The risks of traveling home for Thanksgiving are far deadlier this year than spats with relatives over mashed potatoes and roasted turkey.
The COVID-19 pandemic is the worst it’s ever been in the U.S., with over 1.1 million cases reported in the past week. The CDC has warned against traveling this year, pleading with Americans to celebrate Thanksgiving virtually.
Despite this, at least thousands of UF students are traveling home for the holiday and hundreds partied in groups over the weekend. A group of UF Health doctors staged a demonstration to pass out masks and raise awareness of the dangers of COVID-19 to bargoers.
The university asked students living in residence halls to complete a survey about their travel plans before and after break. UF estimates 87% of students who live in residence halls will leave campus for Thanksgiving Break, which begins Wednesday, said UF spokesperson Steve Orlando.
This means about 5,000 of the 5,707 students currently living in on-campus residence halls plan to travel this week. Of those traveling, about 40% plan to return to campus afterward — despite classes moving online after break — and 24% were undecided, Orlando said.
Travel plans for the tens of thousands of students who live off campus are unclear, because the survey targeted students on campus.
UF’s COVID-19 cases have risen consistently throughout November. This week’s seven-day average was about 35 positive cases a day, and there are 799 students and staff quarantined as of Sunday, according to the university’s COVID-19 dashboard.
If people choose to travel, the safest way is by quarantining for 14 days beforehand, and only spending time with people within the household, said Dr. Kartik Cherabuddi, epidemiologist and associate professor of infectious diseases at the UF College of Medicine.
“Keep grandma and other at-risk family safer by choosing celebrations that keep friends six feet apart, masked and outdoors,” he said.
Getting tested prior to traveling is not the only precaution people should take, he said. People should continue taking precautions once they’re home, even if they’ve tested negative and quarantined.
“It is not to be applied as a pass to safety since any exposure in the past 14 days can still turn into an illness in the subsequent days with no further exposure,” he said.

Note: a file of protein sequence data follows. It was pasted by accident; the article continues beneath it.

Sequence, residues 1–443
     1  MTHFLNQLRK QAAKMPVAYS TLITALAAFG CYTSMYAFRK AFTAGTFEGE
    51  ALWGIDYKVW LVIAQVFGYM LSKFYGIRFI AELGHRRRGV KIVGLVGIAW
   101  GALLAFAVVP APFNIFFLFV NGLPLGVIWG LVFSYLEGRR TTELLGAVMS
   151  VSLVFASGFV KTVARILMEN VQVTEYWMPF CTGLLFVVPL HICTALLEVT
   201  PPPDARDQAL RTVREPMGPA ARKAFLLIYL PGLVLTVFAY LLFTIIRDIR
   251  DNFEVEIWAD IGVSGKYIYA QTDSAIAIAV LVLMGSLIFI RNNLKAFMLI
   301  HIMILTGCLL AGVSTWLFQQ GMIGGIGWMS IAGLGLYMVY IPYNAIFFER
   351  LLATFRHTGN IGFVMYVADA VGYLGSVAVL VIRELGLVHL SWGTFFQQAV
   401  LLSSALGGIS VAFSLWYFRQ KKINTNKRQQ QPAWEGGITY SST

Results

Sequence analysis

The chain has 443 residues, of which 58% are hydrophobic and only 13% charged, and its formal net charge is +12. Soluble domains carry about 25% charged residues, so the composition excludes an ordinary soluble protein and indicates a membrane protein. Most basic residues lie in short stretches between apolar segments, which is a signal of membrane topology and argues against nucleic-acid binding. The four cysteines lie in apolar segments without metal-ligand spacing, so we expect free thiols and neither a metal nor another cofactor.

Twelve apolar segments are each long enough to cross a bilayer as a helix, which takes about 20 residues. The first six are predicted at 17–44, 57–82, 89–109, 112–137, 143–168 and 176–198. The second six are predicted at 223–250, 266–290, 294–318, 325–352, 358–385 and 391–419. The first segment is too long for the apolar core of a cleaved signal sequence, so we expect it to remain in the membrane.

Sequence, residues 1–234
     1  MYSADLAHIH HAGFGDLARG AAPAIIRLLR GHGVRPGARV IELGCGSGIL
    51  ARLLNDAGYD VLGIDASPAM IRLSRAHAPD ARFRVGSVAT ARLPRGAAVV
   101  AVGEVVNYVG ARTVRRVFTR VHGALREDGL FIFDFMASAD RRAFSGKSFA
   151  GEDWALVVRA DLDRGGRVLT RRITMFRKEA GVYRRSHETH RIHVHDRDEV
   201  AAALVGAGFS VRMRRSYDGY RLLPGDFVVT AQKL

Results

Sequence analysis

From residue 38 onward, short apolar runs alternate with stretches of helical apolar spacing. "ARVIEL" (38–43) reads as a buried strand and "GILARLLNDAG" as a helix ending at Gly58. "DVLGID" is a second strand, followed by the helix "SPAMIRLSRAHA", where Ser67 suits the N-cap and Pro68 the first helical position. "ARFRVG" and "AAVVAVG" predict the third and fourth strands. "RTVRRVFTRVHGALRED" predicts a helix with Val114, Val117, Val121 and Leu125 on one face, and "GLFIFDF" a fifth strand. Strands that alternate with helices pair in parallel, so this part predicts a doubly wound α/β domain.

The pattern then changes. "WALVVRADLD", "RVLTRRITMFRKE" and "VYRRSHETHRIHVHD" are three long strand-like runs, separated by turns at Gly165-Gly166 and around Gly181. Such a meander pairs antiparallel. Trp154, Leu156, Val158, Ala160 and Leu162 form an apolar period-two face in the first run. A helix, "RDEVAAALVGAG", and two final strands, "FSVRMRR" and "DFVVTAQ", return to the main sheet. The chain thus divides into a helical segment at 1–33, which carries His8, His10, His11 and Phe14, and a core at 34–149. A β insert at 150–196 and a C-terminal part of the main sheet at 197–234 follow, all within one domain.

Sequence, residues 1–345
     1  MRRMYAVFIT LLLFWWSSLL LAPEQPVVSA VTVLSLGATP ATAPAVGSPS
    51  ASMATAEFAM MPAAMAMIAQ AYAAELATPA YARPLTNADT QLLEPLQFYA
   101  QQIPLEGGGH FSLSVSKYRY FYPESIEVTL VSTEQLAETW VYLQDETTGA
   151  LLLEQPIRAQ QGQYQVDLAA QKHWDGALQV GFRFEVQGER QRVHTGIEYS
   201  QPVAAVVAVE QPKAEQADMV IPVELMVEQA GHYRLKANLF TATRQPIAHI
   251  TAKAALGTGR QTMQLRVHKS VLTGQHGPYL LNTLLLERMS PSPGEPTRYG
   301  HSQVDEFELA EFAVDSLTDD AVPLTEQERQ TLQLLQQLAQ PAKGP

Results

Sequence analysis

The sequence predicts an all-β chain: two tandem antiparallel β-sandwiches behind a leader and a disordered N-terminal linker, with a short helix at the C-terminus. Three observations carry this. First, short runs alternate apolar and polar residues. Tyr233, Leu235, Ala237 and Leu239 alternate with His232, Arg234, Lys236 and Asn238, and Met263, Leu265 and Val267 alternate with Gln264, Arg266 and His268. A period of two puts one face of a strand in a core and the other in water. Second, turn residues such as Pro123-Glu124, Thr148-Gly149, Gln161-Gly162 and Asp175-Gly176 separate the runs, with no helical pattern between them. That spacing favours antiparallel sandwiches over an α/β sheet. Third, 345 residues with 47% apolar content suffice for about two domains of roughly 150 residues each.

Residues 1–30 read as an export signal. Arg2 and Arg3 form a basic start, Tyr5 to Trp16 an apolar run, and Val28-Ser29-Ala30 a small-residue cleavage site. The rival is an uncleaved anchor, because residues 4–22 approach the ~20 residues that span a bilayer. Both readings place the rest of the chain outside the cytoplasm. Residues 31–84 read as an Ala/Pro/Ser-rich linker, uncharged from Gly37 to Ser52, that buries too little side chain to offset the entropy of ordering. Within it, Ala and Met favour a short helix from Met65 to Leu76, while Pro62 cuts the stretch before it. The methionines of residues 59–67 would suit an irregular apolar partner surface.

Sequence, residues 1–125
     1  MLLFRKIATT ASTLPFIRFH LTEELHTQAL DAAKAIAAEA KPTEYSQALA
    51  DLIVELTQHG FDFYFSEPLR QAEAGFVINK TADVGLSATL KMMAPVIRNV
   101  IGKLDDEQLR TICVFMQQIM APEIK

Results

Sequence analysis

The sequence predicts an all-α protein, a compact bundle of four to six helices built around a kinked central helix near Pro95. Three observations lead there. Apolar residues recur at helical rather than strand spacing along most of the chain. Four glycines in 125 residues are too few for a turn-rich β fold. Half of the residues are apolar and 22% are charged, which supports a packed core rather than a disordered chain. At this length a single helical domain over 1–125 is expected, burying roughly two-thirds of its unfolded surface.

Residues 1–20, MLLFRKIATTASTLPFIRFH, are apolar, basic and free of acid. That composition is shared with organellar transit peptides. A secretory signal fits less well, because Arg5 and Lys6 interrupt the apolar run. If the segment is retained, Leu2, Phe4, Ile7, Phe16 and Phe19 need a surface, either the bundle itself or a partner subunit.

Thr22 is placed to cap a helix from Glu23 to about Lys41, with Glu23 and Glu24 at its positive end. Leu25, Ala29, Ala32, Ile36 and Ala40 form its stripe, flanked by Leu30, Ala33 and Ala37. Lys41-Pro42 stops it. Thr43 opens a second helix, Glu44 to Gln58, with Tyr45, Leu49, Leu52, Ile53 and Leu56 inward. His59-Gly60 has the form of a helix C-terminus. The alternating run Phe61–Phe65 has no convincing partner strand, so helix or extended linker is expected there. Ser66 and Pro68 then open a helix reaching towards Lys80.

While some UF students continue to party, others are taking precautions leading up to break.
Jenna Williams, an 18-year-old psychology freshman, said she got tested for COVID-19 Wednesday and plans to get a rapid test once she arrives home in South Florida Sunday.
“I’m very serious about it,” Williams said. “I’m not one of those kids that goes out and parties right now.”
In the period between receiving her test results and actually leaving for home, Williams said she plans on isolating and wearing a mask, which she has been doing all semester.
“I would feel so bad if I ever brought anything home,” she said. “So I will definitely do what needs to be done in order for that to not happen.”
Still, tens of thousands of UF students live off campus and in the surrounding Gainesville area, where bars and restaurants are typically packed full of mostly maskless students.
On Friday, a group of UF Health doctors and interns staged a demonstration outside Downtown and Midtown hotspots — Downtown Fats, White Buffalo, Fat Daddy’s — to voice their grievances about large-scale gatherings.
Dr. Ellery Altshuler, an internal medicine resident at UF Health Shands, organized the demonstration. He and three other health care workers donned masks and scrubs, handing out masks to bar and restaurant goers.
They stood on street corners holding large, white signs that read “protect your family this Thanksgiving, mask up,” “2,000 died today from COVID,” and “don’t give the rona to your grandma.”
Altshuler said they staged the demonstration Friday night to remind people what’s at stake before they travel home for Thanksgiving.
“All of the residents are seeing a ton of COVID patients,” he said. “People don't realize the impact of some of these mass-spreader events just because they don't see it.”
Altshuler said it’s hard to watch people pack into bars and restaurants knowing the effect it has on hospitals.
“The hardest part is probably calling family members,” he said. “They're sitting by the phone, hoping for good news — you call them every day, and patients just get worse and worse.”